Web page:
The death of Mrs. Stennett was a great blow to the man of God. His sermons were especially remembered during that time for their blessing. He said to his son, “Christ is to me the Chief among ten thousand, and the altogether lovely.” On Aug. 25, 1795, at 68 years, he passed into glory and his body was buried in Bunhills Fields among the Baptist dissenters.


Dr. Greg J. Dixon from: This Day in Baptist History Vol. I: Cummins/Thompson/,pp.225-226.




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He became a great scholar

November 23, 1697 – Dr. John Gill was born, who was to become an influential leader among the Particular Baptists of England during the 18th Century. He became a great scholar in Latin, Greek, logic, Rabbinical Hebrew, and the book of Zohar, with their ancient commentaries. He produced many works, including a commentary on the whole Bible. He still is acknowledged among Baptists as one of the most profound scholars. Armitage says of him, “And yet, with all his ability, he was so high a supralapsarian, that it is hard to distinguish him from an antinomian. For example, he could not invite sinners to the Savior, while he declared their guilt and condemnation, their need of the new birth; and held that God would convert such as He had elected to be saved, and so man must not interfere with His purposes by inviting men to Christ. Under this teaching His church steadily declined, and after half a century’s work he left but a mere handful.” During the same period of time, many General Baptists embraced the extreme liberalism of Arian and Socinian views fostered by the apostasy of the state churches. Between 1715 and 1750 their churches fell from 146 to 65. But the exaggerated emphasis on election and predestination dried up the springs of evangelism in the Particular Baptists and their churches were reduced from 220 to 146. This decline changed in 1750 when the spiritual awakening began to sweep England and America and men like Andrew Fuller began to emphasize the “Gospel Worthy of All Acceptation.” It was Fuller who held the ropes in England, while Carey descended into the pit in India. May we learn that any truth taken to an extreme by rationalistic processes will become heresy that can lead to apostasy, and that always leads to the death of evangelism.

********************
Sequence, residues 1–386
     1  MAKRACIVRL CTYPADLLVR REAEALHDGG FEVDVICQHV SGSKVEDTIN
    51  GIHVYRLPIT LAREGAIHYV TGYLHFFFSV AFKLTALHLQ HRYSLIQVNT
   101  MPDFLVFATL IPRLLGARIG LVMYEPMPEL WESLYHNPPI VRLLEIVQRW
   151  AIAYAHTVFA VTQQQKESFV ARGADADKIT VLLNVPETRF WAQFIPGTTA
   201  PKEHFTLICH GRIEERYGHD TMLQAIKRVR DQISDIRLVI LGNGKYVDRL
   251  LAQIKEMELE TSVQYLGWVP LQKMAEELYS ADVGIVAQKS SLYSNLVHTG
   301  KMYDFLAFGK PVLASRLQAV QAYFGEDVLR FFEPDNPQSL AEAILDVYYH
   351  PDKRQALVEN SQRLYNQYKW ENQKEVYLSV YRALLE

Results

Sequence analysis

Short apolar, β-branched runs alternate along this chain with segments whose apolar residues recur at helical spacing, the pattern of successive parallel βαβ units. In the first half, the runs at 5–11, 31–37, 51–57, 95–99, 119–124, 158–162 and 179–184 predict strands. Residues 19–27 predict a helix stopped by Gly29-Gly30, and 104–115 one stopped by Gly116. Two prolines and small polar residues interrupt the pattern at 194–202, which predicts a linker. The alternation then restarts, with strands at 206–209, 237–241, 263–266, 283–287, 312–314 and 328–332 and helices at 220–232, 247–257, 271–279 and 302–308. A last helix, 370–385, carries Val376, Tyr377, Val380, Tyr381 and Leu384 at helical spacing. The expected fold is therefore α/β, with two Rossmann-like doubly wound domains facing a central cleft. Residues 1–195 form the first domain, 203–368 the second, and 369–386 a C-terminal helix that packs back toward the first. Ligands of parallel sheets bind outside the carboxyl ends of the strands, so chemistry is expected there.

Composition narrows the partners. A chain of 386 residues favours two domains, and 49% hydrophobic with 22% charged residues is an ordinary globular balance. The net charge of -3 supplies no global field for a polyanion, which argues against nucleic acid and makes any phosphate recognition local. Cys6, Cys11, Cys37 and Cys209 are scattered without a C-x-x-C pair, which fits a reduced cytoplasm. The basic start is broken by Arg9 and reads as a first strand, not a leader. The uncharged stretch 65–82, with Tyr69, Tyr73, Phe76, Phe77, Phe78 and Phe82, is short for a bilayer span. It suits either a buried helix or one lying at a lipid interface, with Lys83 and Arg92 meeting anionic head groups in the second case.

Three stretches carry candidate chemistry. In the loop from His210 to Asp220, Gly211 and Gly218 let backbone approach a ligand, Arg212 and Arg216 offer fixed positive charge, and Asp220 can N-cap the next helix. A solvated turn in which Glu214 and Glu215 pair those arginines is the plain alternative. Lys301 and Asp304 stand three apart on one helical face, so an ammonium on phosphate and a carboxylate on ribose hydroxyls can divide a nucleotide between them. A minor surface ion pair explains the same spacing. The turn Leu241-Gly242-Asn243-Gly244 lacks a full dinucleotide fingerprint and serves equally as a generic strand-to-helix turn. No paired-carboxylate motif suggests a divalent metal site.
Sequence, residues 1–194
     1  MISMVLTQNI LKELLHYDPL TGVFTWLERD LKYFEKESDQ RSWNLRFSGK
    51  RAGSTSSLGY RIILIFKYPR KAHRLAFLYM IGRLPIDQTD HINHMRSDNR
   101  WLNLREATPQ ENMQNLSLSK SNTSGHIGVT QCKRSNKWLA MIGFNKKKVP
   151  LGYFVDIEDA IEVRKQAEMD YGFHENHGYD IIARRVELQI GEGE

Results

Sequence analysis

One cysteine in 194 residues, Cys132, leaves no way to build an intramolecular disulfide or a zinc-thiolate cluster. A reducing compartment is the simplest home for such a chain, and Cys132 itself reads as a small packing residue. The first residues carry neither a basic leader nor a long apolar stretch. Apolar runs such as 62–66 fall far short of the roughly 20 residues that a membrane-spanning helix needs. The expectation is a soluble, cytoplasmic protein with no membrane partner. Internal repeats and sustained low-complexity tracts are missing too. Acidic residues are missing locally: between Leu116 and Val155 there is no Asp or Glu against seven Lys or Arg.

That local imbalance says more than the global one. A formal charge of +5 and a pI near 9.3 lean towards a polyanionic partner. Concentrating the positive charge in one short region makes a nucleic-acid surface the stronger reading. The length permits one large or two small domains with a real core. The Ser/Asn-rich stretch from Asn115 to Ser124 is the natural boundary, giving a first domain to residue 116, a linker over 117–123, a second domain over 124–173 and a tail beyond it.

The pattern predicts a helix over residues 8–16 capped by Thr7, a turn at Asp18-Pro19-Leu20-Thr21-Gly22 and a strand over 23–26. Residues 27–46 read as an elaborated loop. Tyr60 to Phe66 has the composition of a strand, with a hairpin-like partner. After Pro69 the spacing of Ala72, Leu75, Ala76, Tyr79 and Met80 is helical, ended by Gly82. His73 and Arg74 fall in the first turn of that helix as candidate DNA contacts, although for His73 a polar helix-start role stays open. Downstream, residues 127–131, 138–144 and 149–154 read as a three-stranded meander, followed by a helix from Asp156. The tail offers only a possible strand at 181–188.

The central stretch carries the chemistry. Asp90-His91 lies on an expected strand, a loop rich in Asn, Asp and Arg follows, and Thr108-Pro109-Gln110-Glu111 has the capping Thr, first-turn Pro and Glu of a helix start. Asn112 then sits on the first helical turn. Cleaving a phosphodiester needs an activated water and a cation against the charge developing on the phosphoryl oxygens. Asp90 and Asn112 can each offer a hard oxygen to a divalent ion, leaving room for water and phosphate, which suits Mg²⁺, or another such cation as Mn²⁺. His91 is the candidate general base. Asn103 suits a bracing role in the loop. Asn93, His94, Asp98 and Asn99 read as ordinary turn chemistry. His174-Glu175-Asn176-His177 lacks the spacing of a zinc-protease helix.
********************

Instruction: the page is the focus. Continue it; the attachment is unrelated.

Dr. Greg J. Dixon from: This Day in Baptist History Vol. I: Cummins /Thompson /, pp. 488-89.